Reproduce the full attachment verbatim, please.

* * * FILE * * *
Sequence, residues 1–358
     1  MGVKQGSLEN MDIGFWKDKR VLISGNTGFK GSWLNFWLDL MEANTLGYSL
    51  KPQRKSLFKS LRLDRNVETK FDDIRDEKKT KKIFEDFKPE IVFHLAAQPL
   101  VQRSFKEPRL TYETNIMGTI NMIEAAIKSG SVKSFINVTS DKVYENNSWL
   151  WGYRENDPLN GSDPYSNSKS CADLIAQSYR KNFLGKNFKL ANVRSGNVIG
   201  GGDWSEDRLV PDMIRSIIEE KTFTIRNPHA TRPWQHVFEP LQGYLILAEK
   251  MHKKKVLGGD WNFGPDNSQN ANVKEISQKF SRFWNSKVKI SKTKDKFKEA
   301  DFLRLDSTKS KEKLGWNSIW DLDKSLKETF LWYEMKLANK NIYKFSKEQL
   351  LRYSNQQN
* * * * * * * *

Sequence, residues 1–358
     1  MGVKQGSLEN MDIGFWKDKR VLISGNTGFK GSWLNFWLDL MEANTLGYSL
    51  KPQRKSLFKS LRLDRNVETK FDDIRDEKKT KKIFEDFKPE IVFHLAAQPL
   101  VQRSFKEPRL TYETNIMGTI NMIEAAIKSG SVKSFINVTS DKVYENNSWL
   151  WGYRENDPLN GSDPYSNSKS CADLIAQSYR KNFLGKNFKL ANVRSGNVIG
   201  GGDWSEDRLV PDMIRSIIEE KTFTIRNPHA TRPWQHVFEP LQGYLILAEK
   251  MHKKKVLGGD WNFGPDNSQN ANVKEISQKF SRFWNSKVKI SKTKDKFKEA
   301  DFLRLDSTKS KEKLGWNSIW DLDKSLKETF LWYEMKLANK NIYKFSKEQL
   351  LRYSNQQN